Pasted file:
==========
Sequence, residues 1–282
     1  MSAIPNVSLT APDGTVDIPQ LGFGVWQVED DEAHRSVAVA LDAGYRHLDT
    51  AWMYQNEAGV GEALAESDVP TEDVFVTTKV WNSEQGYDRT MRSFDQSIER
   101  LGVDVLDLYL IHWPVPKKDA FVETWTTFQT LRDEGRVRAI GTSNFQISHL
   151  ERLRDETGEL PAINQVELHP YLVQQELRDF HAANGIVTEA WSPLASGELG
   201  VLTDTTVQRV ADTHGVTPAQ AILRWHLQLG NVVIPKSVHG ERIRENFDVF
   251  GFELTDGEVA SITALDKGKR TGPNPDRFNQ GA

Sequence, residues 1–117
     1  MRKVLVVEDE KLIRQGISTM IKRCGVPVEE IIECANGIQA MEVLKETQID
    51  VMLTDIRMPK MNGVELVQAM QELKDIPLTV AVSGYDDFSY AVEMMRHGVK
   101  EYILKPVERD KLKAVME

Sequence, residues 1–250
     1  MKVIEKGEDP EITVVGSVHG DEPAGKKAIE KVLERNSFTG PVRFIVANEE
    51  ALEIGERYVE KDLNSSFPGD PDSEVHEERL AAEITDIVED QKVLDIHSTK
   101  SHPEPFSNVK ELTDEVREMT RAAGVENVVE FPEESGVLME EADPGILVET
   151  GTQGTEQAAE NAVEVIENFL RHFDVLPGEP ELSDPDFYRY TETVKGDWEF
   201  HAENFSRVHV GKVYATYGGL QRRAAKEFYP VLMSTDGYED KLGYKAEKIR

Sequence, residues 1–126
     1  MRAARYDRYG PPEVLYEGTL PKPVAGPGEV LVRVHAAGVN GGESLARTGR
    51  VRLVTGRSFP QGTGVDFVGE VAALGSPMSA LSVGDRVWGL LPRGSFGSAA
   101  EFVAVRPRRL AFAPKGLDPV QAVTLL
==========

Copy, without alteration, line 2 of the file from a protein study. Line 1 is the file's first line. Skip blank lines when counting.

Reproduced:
     1  MSAIPNVSLT APDGTVDIPQ LGFGVWQVED DEAHRSVAVA LDAGYRHLDT